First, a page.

Four HR Mistakes that May Come Back to Bite You
As your repair shop grows, you will no doubt be faced with issues along the way. HR issues can be a huge obstacle to growth and the day-to-day running of your business.
Adding personnel quickly to meet demand and then attempting to manage the growing team can lead to costly mistakes along the way. As a business entity, you are susceptible to penalties and payments not only from random (and sometimes baseless) lawsuits but from local, state, or federal government/tax organizations as well.
Whether you are penalized financially or not, the time and resources it takes to address a complaint or violation can sometimes be catastrophic to a growing business.
Here are four areas of your business to focus on when it comes to avoiding HR issues:
1. Recruiting and Hiring
Many of these issues stem from the first contact with your business, whether you hire the candidate or not.
2. Clear Communication
From the interview process, to on-boarding, to employment reviews, it’s vitally important to be consistent with communicating procedures and expectations with new and existing employees.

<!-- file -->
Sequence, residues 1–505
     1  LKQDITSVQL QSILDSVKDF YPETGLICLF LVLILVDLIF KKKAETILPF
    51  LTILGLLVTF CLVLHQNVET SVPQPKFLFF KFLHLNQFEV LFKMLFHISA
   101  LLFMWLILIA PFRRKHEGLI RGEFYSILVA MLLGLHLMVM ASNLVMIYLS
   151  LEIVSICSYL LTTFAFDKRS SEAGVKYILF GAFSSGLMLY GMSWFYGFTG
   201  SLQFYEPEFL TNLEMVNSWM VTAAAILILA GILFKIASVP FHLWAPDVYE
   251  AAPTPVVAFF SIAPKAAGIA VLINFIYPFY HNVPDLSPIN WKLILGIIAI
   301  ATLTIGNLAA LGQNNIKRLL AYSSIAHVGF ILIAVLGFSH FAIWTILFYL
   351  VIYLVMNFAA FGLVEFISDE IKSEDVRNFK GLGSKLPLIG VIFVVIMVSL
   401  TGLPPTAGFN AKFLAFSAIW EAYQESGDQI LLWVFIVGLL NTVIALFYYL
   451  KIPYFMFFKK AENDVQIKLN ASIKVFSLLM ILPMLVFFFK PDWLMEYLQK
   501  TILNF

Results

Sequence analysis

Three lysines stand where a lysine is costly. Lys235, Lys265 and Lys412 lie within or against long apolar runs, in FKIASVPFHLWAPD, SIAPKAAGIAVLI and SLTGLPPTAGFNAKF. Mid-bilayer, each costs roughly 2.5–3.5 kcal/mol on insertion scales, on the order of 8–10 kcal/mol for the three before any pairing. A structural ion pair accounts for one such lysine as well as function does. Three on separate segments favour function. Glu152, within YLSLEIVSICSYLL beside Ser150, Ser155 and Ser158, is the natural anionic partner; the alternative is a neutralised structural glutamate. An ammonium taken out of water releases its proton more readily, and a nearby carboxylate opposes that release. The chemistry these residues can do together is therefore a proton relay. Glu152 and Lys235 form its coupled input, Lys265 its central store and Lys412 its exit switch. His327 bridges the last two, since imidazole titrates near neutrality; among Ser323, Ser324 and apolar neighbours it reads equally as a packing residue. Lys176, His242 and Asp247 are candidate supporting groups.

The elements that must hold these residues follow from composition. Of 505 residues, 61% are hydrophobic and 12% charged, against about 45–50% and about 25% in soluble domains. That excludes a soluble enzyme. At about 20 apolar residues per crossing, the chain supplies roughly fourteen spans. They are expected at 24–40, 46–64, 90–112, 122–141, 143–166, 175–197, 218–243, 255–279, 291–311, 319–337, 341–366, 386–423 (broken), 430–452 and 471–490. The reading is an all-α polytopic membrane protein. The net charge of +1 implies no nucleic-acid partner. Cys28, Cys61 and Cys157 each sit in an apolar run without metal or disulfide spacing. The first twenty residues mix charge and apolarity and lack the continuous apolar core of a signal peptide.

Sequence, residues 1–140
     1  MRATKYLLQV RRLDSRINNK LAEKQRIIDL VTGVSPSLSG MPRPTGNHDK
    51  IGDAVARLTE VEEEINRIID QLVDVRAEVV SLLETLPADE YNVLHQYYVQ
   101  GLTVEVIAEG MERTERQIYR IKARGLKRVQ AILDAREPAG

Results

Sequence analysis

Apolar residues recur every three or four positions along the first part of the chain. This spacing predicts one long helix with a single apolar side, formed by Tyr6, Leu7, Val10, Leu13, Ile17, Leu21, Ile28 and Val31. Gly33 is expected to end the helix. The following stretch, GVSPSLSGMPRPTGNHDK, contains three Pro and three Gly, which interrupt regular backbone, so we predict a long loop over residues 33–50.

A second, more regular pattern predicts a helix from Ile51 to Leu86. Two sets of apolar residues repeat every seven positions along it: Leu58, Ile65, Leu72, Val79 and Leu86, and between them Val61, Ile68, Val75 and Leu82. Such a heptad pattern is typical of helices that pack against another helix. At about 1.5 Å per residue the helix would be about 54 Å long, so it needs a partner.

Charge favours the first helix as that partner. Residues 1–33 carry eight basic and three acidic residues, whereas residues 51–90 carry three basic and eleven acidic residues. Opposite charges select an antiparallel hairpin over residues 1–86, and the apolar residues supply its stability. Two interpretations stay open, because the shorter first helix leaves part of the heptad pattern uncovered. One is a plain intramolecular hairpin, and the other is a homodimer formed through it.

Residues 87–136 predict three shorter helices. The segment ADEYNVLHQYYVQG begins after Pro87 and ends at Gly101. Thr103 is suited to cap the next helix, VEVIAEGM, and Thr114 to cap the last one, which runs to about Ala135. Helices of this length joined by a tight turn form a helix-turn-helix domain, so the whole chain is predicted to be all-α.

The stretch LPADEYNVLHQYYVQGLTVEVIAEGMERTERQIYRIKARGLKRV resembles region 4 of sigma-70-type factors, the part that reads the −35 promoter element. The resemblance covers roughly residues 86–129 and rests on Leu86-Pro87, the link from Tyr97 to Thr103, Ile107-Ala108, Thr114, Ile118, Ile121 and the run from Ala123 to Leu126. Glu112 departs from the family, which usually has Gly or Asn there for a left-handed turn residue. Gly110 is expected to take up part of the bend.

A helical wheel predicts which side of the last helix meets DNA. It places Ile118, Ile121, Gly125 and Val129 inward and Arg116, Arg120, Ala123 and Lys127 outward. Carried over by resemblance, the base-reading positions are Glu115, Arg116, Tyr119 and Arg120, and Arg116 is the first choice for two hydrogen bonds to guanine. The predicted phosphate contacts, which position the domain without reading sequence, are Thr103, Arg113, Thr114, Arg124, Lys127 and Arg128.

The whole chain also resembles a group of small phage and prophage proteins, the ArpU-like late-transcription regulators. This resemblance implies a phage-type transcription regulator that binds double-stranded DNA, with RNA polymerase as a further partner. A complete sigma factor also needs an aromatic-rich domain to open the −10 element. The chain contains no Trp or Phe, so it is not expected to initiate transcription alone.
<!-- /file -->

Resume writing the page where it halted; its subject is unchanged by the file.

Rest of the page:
One key area that may break down is in the employee discipline or termination areas where proper documentation can literally save you should an issue arise down the road. Use clear and easy to understand language in the initial offer letter as well as any subsequent discipline or termination paperwork, getting signatures from the employee on everything along the way.
3. Lack of Policies & Procedures
Without a clear and well-written employee manual or handbook, employees lack direction in regard to conduct, attendance, work ethic and even how you expect them to dress.
Don’t just hand them the manual on their first day and forget it. Take the time to (1) walk through the manual to ensure they understand it, (2) get them to sign the last page to confirm they have received and agree to the terms of employment, and finally (3) keep it updated with new policies and procedures as they are released to your staff.
Handling a termination calmly and professionally is the best route no matter how badly the employee has performed.
What are some HR headaches that your shop has experienced, and how are you avoiding them now? Do any of the above ring a bell? Are there others we are missing? If so, Please share your experiences in the comments below.